How well do the conversational snippets fit into this poem? Do you think this is helped or made harder by the poem’s rhythm and couplet structure?

Inspiration/Writing Prompt

Where might you/a fictional character find a modern-day philosopher’s stone? What would you/they use it to transform and why? What unexpected effects might this have?

plentyfish cover (1)At poetry readings, I often enjoy hearing about the background to a particular poem. ‘Wednesday Reflections/Sometimes I smile’ is my attempt to share the inspiration, frustrations, pain, philosophies and thoughts that lie behind my poetry collection ‘plenty-fish’. Each Wednesday, this blog will contain one of these ‘poem biographies’, as well as points for potential reader discussion and also writers’ prompts. My collection ‘plenty-fish’ may be bought from Nine Arches Press, here, or my website, here. More Wednesday Reflections on other poems in the collection can also be found here.

Reflections/poem biography for Looking Back In Fragments

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“The echo of his whispers       fills your mind with snow;
a blizzard of thoughts                        swirled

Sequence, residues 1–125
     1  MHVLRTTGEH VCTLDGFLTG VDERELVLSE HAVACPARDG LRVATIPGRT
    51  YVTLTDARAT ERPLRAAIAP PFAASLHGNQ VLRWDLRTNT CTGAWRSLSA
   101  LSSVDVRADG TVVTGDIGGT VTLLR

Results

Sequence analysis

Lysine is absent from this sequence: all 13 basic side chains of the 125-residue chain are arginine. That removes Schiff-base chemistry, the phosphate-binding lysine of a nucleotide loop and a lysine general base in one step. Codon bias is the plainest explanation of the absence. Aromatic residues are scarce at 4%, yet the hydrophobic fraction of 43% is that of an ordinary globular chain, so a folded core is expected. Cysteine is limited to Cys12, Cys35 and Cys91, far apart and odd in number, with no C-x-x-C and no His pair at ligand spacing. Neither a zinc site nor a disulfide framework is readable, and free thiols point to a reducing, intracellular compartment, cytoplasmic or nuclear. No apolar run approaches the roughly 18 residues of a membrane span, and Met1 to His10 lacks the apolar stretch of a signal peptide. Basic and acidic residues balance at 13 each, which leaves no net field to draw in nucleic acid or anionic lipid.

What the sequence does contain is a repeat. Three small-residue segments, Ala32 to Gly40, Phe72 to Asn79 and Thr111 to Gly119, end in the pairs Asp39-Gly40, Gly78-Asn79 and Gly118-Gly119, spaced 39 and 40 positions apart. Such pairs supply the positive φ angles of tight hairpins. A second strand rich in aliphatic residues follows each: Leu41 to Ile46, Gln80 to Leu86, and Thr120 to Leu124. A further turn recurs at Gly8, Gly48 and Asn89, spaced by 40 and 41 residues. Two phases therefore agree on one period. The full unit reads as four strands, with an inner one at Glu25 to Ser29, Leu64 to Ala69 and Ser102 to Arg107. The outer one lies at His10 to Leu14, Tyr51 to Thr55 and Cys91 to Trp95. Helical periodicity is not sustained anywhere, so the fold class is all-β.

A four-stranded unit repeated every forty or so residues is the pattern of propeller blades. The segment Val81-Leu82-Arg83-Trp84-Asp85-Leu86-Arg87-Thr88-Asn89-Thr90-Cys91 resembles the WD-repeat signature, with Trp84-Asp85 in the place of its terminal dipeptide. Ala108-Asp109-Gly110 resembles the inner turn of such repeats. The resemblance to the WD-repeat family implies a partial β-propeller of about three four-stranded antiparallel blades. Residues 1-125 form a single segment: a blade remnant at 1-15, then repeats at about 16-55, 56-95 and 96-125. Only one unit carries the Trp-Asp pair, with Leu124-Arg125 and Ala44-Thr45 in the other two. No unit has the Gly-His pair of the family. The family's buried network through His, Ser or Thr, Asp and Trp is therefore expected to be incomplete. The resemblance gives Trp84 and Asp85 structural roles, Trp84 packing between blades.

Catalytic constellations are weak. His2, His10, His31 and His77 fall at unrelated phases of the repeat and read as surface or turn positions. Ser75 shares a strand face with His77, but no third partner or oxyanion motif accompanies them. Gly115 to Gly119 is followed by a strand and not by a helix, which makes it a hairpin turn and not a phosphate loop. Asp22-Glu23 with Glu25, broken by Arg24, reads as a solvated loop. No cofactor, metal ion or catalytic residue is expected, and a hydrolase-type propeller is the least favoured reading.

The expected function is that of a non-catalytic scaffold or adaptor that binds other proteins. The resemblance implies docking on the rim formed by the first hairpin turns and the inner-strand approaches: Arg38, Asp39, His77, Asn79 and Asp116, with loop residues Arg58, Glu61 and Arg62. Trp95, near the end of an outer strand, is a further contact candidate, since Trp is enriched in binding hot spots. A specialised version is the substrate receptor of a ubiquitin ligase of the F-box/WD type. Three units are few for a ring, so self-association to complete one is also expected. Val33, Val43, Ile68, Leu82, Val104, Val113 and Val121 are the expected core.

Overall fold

to red-edged numbness.”

Now one of the most experimental pieces in the collection, this was once just a straightforward, mainstream, free-verse poem combining landscape and lost love, based in part on the photos on the photos below. As such, there were many lines and images that I was attached to, but nothing to lift it above this.

Breaking the poem into different fragments made it far more interesting for me. By combining it with the footnote poem, ‘not(e) a poetics of glass/water’, both pieces took on more layers, and became a fragmented narrative with plenty of space, I hope, for the reader’s imagination to wonder and play.

Reflections/poem biography for not(e) a poetics of glass/water

looking back

“6. As water trickles through rock.”